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Solana Beach to consider smoke-free requirements in new housing

Solana Beach City Hall
(Staff photo)

Solana Beach City Council members discussed potential smoke-free requirements for new housing during their March 24 meeting, when they also reviewed comments from the state’s Department of Housing and Community Development (HCD) about the city’s new housing element.

The new housing element, which covers the state’s sixth-cycle Regional Housing Needs Allocation (RHNA) that spans from 2021-29, requires Solana Beach to zone for 875 new housing units. Smaller, coastal cities in San Diego have received larger RHNA assignments in this cycle because of new criteria approved by the San Diego Association of Governments that distributed units based on proximity to jobs and transit. A little more than half of those units have to be for very low or low income tenants, defined relative to the county median income.

Solana Beach’s draft housing element to HCD, which includes plans to allow many of those units in the city’s southwestern quadrant, located west of Interstate 5 and south of Lomas Santa Fe. That area has most of the multiunit housing already in the city.

Barbara Gordon, who leads an Hispanic youth group in Solana Beach called the Changers, said many multi-unit buildings have already taken steps to make their properties smoke-free.

“We should all have the right to breathe clean air in our own homes,” she added. “Smoking in apartments affects not only smokers, but drifting smoke can affect and impact neighboring units.”

Solana Beach resident Peggy Walker said the council could add a provision to the housing element that “simply recommends that privately owned and developed projects consider smoke-free, vape-free policy for the benefit of residents health and well being.”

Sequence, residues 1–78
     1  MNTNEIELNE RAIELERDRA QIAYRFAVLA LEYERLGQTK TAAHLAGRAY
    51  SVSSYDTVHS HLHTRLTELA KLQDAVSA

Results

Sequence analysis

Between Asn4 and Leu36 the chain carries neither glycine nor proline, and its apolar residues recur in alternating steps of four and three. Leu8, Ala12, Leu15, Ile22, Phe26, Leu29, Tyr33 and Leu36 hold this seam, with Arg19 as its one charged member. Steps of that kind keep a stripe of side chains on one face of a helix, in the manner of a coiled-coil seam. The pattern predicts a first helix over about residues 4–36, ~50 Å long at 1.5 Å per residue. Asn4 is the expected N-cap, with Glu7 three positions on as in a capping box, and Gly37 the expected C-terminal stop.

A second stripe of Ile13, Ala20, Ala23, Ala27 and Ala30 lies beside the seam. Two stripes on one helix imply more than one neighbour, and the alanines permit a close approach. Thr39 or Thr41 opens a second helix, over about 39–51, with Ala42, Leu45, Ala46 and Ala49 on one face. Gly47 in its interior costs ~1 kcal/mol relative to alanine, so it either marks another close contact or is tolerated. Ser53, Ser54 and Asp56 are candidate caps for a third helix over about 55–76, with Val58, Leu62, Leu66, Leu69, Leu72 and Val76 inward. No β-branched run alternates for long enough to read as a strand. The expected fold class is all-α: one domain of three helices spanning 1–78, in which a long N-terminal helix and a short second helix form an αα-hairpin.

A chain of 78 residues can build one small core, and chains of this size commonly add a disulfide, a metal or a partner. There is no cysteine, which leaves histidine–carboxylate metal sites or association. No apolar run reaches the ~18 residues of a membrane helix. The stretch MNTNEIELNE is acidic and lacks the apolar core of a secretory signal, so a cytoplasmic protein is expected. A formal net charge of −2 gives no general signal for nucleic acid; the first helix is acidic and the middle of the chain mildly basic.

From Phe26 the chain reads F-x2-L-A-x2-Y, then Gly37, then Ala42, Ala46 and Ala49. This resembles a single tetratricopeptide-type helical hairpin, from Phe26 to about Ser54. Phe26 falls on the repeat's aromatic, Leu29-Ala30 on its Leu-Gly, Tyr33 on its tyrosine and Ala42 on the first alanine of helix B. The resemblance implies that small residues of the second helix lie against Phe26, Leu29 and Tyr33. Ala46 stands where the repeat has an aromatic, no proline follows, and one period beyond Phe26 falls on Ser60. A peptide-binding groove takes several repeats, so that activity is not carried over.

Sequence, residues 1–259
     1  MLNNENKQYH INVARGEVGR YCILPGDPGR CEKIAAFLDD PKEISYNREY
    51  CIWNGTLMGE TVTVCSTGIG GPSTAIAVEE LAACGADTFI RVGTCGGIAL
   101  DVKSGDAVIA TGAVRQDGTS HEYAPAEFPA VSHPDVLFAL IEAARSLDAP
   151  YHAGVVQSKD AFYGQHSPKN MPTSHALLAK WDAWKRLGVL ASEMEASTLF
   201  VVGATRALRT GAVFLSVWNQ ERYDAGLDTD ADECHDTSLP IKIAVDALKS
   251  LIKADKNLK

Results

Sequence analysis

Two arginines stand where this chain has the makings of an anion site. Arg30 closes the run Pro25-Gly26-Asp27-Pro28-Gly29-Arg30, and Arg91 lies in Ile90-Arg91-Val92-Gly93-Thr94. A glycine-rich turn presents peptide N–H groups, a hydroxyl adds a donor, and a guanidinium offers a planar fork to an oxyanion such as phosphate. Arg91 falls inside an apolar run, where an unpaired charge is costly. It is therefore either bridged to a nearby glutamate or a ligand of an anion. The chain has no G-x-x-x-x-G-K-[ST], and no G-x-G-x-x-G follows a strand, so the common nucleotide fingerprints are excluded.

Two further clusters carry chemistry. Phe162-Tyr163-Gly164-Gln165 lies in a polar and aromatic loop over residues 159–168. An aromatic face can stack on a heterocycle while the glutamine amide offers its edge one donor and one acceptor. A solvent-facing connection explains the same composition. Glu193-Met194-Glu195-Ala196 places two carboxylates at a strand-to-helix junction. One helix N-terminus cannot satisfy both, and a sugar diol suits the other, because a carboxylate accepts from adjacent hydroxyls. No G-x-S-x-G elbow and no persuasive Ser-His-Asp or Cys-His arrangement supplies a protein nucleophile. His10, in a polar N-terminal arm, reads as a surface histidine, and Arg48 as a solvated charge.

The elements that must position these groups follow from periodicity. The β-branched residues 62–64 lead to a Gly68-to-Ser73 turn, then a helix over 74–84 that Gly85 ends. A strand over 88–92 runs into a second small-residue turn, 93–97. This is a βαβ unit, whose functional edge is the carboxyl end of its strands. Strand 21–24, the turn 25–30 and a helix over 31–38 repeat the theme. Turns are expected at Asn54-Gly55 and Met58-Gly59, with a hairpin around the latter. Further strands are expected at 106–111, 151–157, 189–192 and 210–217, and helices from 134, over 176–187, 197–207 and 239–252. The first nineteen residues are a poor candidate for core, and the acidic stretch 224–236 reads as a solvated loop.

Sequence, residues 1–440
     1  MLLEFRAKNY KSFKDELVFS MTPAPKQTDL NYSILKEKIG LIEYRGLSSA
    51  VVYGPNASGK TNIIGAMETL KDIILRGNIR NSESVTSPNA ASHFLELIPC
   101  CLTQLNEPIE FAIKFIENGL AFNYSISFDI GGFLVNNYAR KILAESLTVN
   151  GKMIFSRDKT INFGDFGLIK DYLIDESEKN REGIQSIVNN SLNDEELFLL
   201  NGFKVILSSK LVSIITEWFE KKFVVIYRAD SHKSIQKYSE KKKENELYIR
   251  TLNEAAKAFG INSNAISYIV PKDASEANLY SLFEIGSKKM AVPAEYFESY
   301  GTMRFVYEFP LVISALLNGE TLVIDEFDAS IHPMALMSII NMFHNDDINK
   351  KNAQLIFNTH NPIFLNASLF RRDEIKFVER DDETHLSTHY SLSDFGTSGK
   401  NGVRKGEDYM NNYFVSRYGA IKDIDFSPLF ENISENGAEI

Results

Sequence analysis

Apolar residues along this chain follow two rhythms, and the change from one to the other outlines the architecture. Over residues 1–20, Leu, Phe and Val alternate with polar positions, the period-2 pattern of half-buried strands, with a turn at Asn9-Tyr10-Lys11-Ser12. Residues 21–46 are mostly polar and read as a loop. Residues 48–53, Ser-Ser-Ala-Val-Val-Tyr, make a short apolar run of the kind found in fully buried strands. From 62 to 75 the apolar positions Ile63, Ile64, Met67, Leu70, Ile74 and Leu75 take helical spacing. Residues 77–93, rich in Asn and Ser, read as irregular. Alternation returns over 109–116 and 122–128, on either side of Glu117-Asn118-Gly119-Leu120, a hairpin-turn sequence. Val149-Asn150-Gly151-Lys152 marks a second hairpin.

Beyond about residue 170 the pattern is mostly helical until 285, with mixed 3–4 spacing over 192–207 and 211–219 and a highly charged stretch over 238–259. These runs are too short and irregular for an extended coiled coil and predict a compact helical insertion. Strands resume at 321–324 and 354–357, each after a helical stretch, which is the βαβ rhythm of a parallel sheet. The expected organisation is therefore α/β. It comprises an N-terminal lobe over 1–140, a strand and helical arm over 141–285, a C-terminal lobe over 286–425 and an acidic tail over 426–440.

“Those would include fire safety, economic and insurance benefits, environmental benefits, more cost-efficient project maintenance and elimination of second and third-hand smoke hazards,” Walker said. “It just seems this could be a good time to add this kind of equity sensitive language.”

But council members said they preferred pursuing an ordinance or other way to encourage smoke-free development outside of the housing element, which is already on the verge of completion.

“We know it’s a challenge to get through HCD to start with and I don’t want to upset that apple cart,” City Councilwoman Jewel Edson said. “But I also think we can do a better job of it by bringing it to the attention of developers and residents in a more open context than actually being part of our housing element.”

Council members also discussed a possible housing program that would allow accessory dwelling units to be built in zones that have a greater fire risk, with necessary mitigation measures.


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